By Tony Nyong
UYOâ€”Governor Godswill Akpabio of Akwa Ibom State has said his administration had been vindicated by anti-corruption agencies in the country, despite several allegations of financial crimes levelled at him by the numerous petitions written by some highly placed citizens of the state.
Akpabio, who told a cross section of Akwa Ibom people that no amount of fabrication, petition and character smearing would stop his crave for economic overhauling of the state during the signing of the N12.03billion road contract awarded for the dualisationÂ of Aka/Nnung Udoe road,Â said his desire was to leave a nucleus state of good governance, using the highest standard in terms of infrastructure development.
According to him, the contract awarded to CCECC, a major construction firm of the Peoples Republic of China, is to fulfill the campaign promise made in January 2007 to the people of the area.
The road covering 15 kilometers on one side, will make a total of 30 kilometers on dualisation and will have ancillary provisions, as service lanes, bus stops, road traffic devices and designated utility corridors.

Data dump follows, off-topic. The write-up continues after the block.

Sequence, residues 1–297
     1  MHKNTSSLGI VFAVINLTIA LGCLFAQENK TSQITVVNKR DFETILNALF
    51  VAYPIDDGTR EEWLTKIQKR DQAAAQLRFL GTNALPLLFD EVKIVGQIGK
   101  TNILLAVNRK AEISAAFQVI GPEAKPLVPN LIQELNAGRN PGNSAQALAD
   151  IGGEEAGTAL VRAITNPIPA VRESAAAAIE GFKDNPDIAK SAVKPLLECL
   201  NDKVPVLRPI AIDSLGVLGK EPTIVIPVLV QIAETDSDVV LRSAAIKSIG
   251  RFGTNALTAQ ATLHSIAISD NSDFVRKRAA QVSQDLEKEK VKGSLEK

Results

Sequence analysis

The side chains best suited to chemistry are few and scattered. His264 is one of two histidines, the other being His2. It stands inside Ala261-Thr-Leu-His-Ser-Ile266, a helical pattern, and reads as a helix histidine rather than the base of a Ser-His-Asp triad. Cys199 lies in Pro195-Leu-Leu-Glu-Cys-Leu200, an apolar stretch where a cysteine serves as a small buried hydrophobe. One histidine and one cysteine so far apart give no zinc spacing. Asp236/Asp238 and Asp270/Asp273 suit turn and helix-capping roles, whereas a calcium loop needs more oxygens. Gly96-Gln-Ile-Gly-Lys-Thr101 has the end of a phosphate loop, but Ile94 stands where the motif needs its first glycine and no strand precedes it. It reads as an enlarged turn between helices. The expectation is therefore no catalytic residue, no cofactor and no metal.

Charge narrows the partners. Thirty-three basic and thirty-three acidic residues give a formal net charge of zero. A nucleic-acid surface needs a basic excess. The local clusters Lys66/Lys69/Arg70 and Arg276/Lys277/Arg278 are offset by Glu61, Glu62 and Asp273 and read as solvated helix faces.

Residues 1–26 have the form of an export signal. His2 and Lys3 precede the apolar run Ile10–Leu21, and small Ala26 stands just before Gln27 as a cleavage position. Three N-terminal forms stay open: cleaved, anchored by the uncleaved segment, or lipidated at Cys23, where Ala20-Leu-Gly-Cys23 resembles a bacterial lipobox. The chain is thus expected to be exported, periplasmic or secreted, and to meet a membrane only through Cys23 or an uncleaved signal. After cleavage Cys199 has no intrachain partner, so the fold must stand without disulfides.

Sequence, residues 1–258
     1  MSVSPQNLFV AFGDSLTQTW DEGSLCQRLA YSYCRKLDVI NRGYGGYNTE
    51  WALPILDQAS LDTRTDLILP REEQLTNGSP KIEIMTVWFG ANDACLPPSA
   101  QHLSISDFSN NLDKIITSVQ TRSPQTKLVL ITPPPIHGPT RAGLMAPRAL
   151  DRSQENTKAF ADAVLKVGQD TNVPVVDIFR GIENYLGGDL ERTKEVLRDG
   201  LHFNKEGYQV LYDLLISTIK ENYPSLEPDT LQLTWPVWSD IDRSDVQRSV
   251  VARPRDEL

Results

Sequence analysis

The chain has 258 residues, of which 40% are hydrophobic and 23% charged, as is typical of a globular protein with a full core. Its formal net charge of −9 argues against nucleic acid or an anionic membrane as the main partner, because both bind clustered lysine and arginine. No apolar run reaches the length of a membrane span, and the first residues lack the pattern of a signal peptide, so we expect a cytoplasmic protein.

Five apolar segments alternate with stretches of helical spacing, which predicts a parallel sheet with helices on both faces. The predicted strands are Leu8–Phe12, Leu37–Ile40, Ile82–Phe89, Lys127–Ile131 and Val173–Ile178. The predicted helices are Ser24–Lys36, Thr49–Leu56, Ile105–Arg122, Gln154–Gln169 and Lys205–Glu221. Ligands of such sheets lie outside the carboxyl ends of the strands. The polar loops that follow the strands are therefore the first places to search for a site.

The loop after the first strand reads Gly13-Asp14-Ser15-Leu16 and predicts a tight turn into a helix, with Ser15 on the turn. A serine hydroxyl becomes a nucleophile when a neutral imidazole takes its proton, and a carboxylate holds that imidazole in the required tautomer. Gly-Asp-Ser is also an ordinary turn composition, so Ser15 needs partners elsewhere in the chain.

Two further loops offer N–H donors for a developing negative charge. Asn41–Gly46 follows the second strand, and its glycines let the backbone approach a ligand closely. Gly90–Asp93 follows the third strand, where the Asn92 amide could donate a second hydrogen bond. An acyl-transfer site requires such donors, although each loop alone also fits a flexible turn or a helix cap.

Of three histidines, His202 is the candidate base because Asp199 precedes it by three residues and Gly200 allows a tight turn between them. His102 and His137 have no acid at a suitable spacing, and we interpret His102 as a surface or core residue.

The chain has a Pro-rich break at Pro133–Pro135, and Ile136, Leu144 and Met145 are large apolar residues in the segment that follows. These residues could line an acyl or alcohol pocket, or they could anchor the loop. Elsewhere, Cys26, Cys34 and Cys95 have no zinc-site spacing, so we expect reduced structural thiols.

Others include pedestrian overhead bridges and street lights, while the cost of relocation of existing poles and water pipes as well as compensation to the host community form part of the contract sum.
Chief Akpabio also disclosed that contract for the Urban Renewal of Uyo, the state capital, had been awarded for N4.5 billion, adding that all the drains would be covered, with walkways created for the convenience of all road users.
The governor noted that very soon, Uyo, the state capital, would look like Dubai.
Managing Director of the construction Firm. Mr. Zhou Tian Xiang, said his company, whichÂ accounted for 50% of the infrastructural development of the last Olympic Games and 50% of the railway construction in China Republic, would deliver the job on schedule for the governor to realize the goal of embarking on the project.
He said further that with the signing of the contract, the yearnings and pleas of the people had been met, stressing that the multiplier effect of the road would rebound on the economic, political and social lives of the people.